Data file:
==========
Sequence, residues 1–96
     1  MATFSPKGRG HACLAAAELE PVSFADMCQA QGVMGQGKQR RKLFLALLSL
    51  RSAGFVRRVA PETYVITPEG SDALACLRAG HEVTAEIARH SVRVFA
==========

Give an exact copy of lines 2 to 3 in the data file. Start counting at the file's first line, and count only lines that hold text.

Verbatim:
     1  MATFSPKGRG HACLAAAELE PVSFADMCQA QGVMGQGKQR RKLFLALLSL
    51  RSAGFVRRVA PETYVITPEG SDALACLRAG HEVTAEIARH SVRVFA